William Brighty Rands (24 December 1823, Chelsea, Middlesex — 23 April 1882, East Dulwich, London) was a British writer and one of the major authors of nursery rhymes of Victorian era.
A son of a modest candlemaker's family, he attended school from 8 to 13 years of age, and was mostly self-taught, starting to read early and mastering Latin, Greek, and after starting an office career with an international merchant, also Spanish and French. His appreciation of languages he carried through life, studying Chinese in his latest years.
In 1857, he started working as a reporter in the House of Commons for Messrs. Gurney & Co. and was praised for being very helpful. He wrote his works for children when the Parliament was not sitting. In 1875 he resigned due to poor health.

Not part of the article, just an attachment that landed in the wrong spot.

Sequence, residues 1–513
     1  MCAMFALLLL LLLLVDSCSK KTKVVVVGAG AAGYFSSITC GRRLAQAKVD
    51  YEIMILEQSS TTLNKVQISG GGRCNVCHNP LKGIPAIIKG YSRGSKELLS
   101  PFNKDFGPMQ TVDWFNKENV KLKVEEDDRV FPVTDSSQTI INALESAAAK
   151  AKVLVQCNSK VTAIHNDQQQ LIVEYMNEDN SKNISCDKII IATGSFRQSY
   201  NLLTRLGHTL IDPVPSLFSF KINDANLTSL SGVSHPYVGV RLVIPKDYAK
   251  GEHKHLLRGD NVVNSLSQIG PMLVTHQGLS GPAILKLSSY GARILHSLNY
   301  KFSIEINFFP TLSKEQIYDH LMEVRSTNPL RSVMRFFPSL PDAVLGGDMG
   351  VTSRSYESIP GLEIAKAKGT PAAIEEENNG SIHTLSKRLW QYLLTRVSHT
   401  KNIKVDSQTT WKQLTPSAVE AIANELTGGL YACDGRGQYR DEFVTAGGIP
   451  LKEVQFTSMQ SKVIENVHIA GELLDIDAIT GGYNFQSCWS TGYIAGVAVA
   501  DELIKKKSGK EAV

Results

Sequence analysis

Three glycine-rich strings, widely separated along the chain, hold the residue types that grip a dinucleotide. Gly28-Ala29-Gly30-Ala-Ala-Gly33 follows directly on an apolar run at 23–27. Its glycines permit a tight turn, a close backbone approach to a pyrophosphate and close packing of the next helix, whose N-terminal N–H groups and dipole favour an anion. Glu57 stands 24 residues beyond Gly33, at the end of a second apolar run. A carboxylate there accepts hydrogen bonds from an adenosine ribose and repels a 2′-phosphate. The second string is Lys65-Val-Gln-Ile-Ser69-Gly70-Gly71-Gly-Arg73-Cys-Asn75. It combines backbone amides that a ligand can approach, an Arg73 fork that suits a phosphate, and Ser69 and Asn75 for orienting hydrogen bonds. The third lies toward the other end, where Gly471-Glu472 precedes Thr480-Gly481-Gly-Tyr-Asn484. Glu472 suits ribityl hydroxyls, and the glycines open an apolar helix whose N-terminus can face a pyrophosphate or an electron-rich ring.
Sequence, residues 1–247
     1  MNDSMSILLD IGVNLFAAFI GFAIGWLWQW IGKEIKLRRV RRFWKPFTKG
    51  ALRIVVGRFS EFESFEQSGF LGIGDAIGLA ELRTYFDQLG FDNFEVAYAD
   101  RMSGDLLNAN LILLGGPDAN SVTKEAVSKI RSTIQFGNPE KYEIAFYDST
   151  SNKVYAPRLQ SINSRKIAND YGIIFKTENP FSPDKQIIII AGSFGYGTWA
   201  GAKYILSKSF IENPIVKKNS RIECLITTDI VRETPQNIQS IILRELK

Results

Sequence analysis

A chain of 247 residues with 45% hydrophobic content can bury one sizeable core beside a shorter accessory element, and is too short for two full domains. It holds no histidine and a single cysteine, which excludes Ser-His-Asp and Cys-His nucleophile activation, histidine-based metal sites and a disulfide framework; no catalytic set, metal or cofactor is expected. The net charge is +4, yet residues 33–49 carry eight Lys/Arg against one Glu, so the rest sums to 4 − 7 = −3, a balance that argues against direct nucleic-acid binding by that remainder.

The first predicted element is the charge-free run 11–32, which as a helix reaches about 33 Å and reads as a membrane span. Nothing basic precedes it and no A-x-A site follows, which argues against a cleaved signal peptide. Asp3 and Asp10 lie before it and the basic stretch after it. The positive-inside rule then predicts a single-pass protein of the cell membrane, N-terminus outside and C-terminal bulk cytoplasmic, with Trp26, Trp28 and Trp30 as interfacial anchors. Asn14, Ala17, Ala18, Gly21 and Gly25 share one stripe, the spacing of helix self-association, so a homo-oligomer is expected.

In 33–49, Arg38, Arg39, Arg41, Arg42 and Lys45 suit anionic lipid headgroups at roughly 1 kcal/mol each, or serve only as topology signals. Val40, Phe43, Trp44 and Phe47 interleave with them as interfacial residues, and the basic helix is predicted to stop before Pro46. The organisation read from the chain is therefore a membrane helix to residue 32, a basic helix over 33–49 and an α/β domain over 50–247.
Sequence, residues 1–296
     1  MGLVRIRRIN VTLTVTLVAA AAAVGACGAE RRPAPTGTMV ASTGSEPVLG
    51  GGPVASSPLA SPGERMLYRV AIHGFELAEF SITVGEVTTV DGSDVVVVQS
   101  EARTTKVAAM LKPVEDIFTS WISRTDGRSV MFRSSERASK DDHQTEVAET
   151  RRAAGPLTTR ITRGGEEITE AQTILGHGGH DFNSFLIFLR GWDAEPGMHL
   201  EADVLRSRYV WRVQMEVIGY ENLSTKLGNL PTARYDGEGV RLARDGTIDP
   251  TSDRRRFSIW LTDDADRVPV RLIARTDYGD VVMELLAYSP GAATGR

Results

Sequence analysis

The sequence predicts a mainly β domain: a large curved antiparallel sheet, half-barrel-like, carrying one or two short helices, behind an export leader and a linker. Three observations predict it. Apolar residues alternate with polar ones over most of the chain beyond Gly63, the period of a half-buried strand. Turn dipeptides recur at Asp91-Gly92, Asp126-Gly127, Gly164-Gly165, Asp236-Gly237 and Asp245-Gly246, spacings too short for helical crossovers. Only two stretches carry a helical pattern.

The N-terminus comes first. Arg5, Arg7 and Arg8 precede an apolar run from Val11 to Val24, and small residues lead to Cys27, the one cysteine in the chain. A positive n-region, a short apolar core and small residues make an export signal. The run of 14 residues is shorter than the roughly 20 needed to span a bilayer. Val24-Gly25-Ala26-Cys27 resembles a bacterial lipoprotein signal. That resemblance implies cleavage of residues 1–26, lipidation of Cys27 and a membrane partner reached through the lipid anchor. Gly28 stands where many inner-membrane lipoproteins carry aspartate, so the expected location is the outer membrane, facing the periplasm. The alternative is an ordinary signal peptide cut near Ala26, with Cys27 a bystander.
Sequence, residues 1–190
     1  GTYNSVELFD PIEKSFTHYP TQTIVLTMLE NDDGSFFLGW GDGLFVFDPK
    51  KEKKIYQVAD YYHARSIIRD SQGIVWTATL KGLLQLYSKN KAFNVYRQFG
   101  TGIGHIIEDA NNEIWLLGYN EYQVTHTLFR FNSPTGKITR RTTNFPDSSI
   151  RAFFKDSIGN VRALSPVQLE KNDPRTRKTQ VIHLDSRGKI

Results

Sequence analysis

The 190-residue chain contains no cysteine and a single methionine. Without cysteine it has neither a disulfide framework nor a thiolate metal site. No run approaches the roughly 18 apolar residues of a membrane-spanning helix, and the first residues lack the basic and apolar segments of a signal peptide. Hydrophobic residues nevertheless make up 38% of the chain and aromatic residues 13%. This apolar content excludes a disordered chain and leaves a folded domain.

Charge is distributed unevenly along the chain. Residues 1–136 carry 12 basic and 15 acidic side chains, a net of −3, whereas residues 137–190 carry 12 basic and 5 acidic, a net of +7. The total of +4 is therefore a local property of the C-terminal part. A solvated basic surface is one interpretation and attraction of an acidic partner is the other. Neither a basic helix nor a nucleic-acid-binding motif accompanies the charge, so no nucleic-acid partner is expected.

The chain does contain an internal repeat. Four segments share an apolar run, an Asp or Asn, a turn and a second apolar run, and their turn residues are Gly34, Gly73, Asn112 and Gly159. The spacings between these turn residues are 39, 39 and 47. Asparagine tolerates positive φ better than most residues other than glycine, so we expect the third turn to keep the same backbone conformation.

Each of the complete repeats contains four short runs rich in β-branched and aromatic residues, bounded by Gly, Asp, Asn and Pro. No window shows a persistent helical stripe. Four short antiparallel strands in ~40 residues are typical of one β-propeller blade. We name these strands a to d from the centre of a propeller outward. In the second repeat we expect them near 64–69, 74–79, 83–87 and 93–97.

He wrote under pseudonyms, among them Matthew Browne, Henry Holbeach, and T. Talker.
He was for some time a regular preacher in a chapel at Brixton, and composed several popular hymns, that as well as his nursery rhymes continued their legacy in several editions throughout the 19th century.
He is also remembered for the 2-volume monography of "Chaucer's England".